#2
d|----------------------------------------------------
A|-------------------------------------------------------
F|-----------------------------------------------------
C|----------------------------5-7---0--3-03-0--0543----
G|----------------5-------0---3-5------------------543-6--5-3
C|-0--3-03-0--06/7-7--3---0----------------------------6--5--3


C minor with a few passing notes really.
#4
Yeah it's actually not major at all.

It's essentially the blues scale (minor pentatonic with an added passing tone between the 4 and 5).
Only play what you hear. If you don’t hear anything, don’t play anything.
-Chick Corea
#6
Quote by Andrew/WK
what is a passing tone? if you don't mind explaining

It's not really the right term, it's called 'accidental'.
Accidentals are notes that don't actually belong to the key signature (or scale if you want to dumb it down a bit).
For example CDEFGAB is a C major scale, any note beside those are accidentals.
Any notes outside of the key signature of C minor is an accidental if you play a piece in C minor. So basically what he was referring to is a b5 or tritone, very common accidental in metal because of it's demonish sound.
#7
Quote by liampje
It's not really the right term, it's called 'accidental'.
Accidentals are notes that don't actually belong to the key signature (or scale if you want to dumb it down a bit).
For example CDEFGAB is a C major scale, any note beside those are accidentals.
Any notes outside of the key signature of C minor is an accidental if you play a piece in C minor. So basically what he was referring to is a b5 or tritone, very common accidental in metal because of it's demonish sound.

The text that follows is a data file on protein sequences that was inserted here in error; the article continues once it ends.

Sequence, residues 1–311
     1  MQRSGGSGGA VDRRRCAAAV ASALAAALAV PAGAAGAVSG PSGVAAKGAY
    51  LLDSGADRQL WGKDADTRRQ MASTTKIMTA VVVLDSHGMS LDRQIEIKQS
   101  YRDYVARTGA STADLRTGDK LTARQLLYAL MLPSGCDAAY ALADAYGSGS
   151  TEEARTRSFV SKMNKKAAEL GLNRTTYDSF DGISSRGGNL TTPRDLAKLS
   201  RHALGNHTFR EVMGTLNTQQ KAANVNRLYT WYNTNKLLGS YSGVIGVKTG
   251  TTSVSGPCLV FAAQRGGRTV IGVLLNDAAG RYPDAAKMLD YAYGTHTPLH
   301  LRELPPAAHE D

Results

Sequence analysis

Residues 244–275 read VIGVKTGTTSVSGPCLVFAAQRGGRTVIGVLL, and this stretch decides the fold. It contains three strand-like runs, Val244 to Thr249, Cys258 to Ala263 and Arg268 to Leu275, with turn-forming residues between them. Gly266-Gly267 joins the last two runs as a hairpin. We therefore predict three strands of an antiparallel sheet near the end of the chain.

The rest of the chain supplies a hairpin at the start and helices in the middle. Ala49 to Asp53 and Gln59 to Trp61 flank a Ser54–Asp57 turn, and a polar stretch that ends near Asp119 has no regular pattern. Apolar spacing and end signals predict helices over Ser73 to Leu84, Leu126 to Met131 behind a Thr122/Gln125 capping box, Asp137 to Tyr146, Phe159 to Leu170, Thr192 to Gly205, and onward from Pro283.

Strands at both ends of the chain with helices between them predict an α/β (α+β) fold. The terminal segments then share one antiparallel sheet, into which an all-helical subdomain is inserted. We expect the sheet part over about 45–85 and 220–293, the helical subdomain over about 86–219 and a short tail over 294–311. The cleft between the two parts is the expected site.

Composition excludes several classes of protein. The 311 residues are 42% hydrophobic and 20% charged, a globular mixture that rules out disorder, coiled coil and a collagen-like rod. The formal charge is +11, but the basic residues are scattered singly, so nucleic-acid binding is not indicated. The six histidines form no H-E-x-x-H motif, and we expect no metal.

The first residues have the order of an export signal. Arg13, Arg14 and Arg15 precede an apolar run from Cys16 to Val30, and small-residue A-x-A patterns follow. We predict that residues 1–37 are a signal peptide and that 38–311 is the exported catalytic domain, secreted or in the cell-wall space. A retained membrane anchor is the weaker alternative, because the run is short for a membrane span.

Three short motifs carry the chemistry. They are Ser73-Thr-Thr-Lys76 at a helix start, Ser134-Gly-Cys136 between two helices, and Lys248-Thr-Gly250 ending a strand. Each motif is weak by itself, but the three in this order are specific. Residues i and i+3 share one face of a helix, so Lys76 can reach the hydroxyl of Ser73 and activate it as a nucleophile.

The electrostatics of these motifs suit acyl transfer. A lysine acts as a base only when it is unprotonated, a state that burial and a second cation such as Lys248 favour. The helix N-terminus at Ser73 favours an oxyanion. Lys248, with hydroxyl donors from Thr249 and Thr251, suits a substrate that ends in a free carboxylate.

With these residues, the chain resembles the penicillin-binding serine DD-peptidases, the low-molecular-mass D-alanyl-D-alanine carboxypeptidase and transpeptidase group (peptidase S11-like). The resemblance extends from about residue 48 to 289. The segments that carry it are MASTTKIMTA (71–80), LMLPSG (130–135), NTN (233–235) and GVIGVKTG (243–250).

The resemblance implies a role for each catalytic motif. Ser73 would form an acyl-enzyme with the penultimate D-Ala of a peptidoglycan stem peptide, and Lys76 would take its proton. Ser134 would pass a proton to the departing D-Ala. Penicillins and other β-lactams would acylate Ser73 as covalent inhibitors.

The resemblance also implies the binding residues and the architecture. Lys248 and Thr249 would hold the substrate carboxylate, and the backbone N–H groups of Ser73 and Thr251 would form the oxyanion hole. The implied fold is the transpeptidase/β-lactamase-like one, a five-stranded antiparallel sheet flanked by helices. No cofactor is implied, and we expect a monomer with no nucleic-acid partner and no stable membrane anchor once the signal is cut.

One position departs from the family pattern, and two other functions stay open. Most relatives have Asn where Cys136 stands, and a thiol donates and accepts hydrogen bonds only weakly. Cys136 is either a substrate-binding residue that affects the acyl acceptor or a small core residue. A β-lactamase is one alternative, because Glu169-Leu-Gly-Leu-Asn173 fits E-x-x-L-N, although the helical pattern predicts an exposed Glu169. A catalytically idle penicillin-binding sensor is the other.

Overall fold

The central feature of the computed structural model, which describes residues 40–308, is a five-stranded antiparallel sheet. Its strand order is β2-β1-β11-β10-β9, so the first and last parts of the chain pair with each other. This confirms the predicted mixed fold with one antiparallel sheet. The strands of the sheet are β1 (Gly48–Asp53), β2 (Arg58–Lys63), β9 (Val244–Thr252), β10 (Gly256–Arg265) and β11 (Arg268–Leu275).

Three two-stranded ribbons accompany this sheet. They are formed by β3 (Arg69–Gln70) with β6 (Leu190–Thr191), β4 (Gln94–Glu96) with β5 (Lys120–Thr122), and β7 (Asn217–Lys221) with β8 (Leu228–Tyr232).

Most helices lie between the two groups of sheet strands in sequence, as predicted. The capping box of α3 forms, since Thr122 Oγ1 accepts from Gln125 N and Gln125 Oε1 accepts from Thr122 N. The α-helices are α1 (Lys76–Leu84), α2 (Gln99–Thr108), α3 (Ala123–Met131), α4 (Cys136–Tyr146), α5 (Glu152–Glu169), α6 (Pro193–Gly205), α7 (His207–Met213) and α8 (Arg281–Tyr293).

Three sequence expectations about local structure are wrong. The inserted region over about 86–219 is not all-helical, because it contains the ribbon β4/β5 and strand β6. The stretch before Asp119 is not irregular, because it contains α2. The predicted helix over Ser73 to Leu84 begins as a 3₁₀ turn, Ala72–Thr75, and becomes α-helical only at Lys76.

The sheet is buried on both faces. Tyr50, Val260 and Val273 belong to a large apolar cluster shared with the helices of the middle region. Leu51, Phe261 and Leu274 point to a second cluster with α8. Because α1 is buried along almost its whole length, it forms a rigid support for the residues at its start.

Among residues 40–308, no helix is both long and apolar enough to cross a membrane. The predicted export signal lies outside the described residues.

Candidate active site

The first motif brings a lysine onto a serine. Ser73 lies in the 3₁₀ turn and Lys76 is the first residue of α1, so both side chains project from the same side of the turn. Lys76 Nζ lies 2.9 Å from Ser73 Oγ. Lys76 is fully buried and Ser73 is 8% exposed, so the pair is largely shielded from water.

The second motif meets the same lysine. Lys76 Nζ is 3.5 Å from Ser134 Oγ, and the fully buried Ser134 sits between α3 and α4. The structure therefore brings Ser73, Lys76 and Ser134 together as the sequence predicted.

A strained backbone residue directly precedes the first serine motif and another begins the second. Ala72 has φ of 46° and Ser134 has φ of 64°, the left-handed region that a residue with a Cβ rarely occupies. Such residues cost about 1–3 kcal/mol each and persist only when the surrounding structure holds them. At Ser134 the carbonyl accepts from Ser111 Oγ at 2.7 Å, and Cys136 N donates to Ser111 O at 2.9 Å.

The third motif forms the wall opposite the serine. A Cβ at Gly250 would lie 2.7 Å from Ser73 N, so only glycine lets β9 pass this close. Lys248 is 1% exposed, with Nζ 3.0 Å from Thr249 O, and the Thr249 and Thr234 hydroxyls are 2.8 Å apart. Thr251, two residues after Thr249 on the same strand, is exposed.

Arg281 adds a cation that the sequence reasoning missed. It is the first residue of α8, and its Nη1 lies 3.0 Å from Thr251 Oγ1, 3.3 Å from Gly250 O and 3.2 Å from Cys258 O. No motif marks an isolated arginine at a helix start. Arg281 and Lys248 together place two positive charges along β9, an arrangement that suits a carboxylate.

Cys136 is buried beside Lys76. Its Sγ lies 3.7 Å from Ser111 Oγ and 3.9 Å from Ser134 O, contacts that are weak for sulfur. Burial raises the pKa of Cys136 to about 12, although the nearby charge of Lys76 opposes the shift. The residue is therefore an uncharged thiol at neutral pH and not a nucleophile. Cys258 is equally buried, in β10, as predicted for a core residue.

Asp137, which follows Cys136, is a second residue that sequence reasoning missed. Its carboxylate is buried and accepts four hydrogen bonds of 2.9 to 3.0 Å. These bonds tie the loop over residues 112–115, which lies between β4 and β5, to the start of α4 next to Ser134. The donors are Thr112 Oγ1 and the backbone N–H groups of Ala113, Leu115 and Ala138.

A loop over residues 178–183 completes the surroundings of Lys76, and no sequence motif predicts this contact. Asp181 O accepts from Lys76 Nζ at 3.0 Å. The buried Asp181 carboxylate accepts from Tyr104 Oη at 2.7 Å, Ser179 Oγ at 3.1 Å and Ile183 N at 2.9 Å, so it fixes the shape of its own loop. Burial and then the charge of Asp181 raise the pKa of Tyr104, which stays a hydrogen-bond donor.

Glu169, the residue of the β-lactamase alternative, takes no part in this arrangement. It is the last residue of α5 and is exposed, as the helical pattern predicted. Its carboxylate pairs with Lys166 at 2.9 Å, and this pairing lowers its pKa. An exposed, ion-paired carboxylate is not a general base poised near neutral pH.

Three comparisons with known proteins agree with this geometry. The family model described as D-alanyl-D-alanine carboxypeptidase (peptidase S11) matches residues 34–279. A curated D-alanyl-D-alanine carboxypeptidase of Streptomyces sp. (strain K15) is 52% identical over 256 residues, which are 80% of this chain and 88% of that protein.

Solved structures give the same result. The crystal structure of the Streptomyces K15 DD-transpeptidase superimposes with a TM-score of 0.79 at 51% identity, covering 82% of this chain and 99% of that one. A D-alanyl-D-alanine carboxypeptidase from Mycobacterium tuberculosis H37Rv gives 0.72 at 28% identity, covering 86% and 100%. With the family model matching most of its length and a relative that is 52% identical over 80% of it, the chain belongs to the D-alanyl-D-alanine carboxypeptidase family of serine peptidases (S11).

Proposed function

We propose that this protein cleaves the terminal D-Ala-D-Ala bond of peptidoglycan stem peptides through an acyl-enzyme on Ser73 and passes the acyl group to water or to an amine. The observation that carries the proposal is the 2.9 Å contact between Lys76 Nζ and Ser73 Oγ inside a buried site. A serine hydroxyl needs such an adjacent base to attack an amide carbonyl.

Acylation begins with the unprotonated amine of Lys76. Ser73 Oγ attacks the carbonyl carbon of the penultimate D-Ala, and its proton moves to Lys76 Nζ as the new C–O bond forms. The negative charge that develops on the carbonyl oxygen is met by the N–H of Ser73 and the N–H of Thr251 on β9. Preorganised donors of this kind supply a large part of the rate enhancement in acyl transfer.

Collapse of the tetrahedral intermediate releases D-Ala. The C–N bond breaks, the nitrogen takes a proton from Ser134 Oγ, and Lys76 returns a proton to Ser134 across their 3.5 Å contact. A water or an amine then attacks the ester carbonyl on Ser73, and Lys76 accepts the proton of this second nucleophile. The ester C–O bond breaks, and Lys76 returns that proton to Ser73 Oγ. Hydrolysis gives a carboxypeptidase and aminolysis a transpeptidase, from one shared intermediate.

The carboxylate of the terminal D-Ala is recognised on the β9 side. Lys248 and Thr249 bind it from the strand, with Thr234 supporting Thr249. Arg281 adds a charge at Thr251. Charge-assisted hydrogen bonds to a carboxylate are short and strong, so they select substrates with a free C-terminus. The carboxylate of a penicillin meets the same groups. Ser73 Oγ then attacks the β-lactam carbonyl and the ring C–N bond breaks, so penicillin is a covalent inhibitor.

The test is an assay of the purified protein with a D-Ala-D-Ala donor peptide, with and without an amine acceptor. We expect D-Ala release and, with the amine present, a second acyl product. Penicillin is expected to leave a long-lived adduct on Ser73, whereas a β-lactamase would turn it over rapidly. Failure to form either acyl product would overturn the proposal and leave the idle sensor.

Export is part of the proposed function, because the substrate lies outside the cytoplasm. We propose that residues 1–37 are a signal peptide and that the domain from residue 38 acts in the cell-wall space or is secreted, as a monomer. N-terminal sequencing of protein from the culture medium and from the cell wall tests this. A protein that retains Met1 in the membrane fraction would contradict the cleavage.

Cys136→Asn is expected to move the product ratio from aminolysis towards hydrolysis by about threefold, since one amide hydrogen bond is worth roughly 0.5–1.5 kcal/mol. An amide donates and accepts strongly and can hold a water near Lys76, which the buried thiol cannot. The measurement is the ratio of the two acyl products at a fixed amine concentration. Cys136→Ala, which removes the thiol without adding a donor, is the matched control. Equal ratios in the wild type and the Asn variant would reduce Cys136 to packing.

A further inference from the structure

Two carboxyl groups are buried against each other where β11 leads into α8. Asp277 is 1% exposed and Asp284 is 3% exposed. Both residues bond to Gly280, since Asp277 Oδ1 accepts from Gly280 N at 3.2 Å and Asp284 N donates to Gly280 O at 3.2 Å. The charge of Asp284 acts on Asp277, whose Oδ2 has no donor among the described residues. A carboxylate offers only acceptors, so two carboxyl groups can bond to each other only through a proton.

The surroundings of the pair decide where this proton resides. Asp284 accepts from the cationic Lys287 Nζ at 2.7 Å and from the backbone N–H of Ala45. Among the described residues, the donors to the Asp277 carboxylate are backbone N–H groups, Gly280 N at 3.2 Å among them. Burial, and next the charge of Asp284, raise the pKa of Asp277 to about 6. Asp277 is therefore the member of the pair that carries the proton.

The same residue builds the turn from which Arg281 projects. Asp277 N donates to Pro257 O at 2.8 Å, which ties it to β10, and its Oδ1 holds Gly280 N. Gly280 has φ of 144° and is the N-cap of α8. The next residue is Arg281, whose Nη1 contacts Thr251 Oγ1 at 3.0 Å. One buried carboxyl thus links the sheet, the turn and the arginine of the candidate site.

Yes and no.

A passing tone is a tone you use to go from one structural tone to the next in your melody. Structural tones form the backbone of your melody, and are usually "strong" intervals like the third and fifth degree of the scale. Passing tones are "weaker" tones like the second and the fourth.

They aren't always accidentals, but if you use a note from outside the scale as a passing tone, they can be.

That's how I learned it, anyway.
#8
Quote by CarsonStevens
Yes and no.

A passing tone is a tone you use to go from one structural tone to the next in your melody. Structural tones form the backbone of your melody, and are usually "strong" intervals like the third and fifth degree of the scale. Passing tones are "weaker" tones like the second and the fourth.

They aren't always accidentals, but if you use a note from outside the scale as a passing tone, they can be.

That's how I learned it, anyway.


Yes, but in metal it doesn't function like a passing tone mostly.
#9
like most metal, it's just really, really cheesy

try and put on corpse paint to really set the atmosphere if you want to write riffs like this

also steal as much as possible from pantera and tbdm
Quote by theogonia777
Hail killed MT

Quote by jongtr
I want to be Hail when I grow up.
#10
Quote by liampje
Yes, but in metal it doesn't function like a passing tone mostly.
True. In the context of the blues scale it is considered a passing tone though.

Well, chromatic passing tone would probably be more accurate.

Really though, whether it's functioning as a passing tone, neighbor tone, or chromatic extension/alteration is irrelevant because it could be any of them.
Only play what you hear. If you don’t hear anything, don’t play anything.
-Chick Corea
#11
Quote by Hail
like most metal, it's just really, really cheesy

try and put on corpse paint to really set the atmosphere if you want to write riffs like this

also steal as much as possible from pantera and tbdm


Why TBDM? Who the hell steals from them?
#13
Quote by Morphogenesis26
Why TBDM? Who the hell steals from them?


listen to the song
Quote by theogonia777
Hail killed MT

Quote by jongtr
I want to be Hail when I grow up.